I realize for a portion of the population, this fall from grace means everything, but for the majority of consumers this is a mere blip on the cooking oil radar – if that. Does this loss of virginity make an impact on how you buy and use olive oil, or are you just as happy with a lesser product, just as long as it passes the taste test?

Read more: Basics, Eating for Health, Following Food, Food, , , , , , ,

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Eric Steinman

Eric Steinman is a freelance writer based in Rhinebeck, NY. He regularly writes about food, music, art, architecture, and culture and is a regular contributor to Bon Appétit among other publications.

71 comments

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5:40AM PDT on Apr 6, 2013

interesting

12:41AM PDT on Oct 12, 2012

I am happy to use olive oil and know that it's healthier than other oils, whether virgin, extra virgin or not.

1:10PM PDT on Sep 26, 2012

This whole issue is why I now buy the majority of my olive oils from a small company in California. My farmer's market also carries local Arizona olive oil. I think France has better regulations regarding their olive oil than do Spain, Italy or Greece.

12:37PM PDT on Jul 18, 2012

Did I miss something? How do we know if it's real or not?

8:00AM PDT on Aug 12, 2010

The same argument about so-called "extra virgin" olive oil, is raging in S.Africa.
Most of us have decided that we buy an imported olive oil from Portugal. In howar that is extra-virgin, one cannot tell of course.
It is like finding out, a girl is not an extra-virgin anymore but do we really care if she is lovely and has a nice character?
I am not serious here, of course.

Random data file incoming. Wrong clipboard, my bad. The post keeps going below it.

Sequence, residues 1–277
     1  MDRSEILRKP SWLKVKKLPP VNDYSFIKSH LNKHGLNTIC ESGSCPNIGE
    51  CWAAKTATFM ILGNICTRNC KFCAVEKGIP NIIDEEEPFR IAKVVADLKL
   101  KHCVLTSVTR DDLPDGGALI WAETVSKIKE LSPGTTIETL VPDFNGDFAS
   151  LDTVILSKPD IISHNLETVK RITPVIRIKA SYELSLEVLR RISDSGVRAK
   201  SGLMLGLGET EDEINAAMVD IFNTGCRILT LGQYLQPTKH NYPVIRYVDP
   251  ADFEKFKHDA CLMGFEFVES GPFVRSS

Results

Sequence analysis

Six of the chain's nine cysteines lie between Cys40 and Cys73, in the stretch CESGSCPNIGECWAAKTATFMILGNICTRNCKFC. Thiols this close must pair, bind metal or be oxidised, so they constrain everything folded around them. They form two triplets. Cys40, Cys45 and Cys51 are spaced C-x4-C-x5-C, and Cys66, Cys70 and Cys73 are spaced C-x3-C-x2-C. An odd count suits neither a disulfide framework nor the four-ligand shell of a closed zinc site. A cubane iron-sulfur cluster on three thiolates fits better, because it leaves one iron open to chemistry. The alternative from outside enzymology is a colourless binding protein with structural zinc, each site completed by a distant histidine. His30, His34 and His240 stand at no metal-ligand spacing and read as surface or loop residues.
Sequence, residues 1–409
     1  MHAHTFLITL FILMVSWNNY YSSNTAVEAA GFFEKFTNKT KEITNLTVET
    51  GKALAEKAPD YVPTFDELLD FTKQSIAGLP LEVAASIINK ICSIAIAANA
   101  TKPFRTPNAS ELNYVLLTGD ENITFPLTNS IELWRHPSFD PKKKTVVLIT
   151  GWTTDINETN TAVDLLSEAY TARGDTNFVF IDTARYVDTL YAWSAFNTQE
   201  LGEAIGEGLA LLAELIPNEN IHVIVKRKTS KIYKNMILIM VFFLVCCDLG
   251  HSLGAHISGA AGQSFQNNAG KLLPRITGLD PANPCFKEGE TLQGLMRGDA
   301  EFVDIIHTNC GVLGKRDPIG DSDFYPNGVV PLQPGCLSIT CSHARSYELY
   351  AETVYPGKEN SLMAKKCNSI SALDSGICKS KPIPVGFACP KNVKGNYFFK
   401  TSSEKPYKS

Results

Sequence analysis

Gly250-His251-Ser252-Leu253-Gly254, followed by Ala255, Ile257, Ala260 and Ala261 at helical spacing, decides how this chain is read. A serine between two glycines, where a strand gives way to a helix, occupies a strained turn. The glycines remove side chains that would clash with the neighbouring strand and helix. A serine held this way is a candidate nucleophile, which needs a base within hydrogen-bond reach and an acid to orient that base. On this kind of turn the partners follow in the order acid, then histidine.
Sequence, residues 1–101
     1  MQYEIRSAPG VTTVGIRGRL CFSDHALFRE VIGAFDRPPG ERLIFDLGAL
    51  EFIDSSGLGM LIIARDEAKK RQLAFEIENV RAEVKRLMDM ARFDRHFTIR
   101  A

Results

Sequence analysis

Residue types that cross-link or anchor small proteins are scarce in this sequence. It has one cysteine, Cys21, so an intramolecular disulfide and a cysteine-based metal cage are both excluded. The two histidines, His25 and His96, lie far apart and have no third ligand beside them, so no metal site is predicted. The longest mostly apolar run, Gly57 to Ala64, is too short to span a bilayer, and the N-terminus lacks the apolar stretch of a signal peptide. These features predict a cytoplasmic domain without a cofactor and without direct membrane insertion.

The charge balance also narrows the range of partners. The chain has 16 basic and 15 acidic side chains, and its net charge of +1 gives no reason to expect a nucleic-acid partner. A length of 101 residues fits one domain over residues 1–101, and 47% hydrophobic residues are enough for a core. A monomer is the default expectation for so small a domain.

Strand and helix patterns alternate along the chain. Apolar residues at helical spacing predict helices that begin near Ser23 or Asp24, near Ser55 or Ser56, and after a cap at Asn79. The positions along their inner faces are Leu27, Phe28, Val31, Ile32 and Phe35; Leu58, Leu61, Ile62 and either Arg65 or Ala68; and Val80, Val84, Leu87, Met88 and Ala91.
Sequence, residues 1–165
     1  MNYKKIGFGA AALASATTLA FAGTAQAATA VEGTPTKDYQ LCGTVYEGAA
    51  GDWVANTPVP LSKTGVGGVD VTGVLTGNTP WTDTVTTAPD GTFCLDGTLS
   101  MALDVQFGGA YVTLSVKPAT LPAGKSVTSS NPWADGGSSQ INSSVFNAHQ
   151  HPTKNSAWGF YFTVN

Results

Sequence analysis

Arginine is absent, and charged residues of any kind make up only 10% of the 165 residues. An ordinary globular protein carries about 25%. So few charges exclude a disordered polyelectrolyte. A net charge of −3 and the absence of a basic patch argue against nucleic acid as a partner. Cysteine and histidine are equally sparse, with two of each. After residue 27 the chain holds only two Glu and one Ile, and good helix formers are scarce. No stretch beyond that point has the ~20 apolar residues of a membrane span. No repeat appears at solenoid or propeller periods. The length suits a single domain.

We have to rely on the supermarkets code of conduct and that is about all we can do!

3:59AM PDT on Aug 6, 2010

I agree with Cathryn W. - I think I'll be getting my olive oil from the local farmer's market in the future.

4:17PM PDT on Aug 5, 2010

Olive oil is an excellent choice for cooking provided it is not heated at too high a temperature. Because it is made up mostly of monounsaturated fats and saturated fats it has a higher melting point than other oils. When it is heated it does not become toxic or turn to transfat. The problem with mixing other oils in with it, apart from the danger of allergic reactions, is that their composition may be largely polyunsaturated which has a low melting point and will become toxic.
P.S. Never use canola oil for cooking. It has a perfect balance of the polyunsaturates Omega 3 & 6. Expellar pressed organic canola oil is a wonderful way to get healthy.
The GM in canola is in the protein not in the oil.

10:33AM PDT on Aug 3, 2010

It's true there are many fancy bottled / bargain priced EVOO's out there. I come from the island of Crete - Greece and cultivating olive trees to get the oil is... you cannot imagine how deep inside our genes. 9 out of 10 families here have never bought olive oil in their life (including my family). We all have our own olive fields, or our parents, or our grandparents, uncles, brothers, and in the winter (december to february) we take our friends and go to our field to collect the olives and bring them to the oil extraction plant where they are cold pressed to give their precious juice. We don't even pay the factory money. They just keep about 10% of the oil that comes. And there are some great small producers that make some amazing (internationaly awarded) extra virgin, organic olive oil. You can find it at www.fromcrete.com

3:34AM PDT on Aug 3, 2010

Who would have thought!

1:02AM PDT on Aug 3, 2010

thanks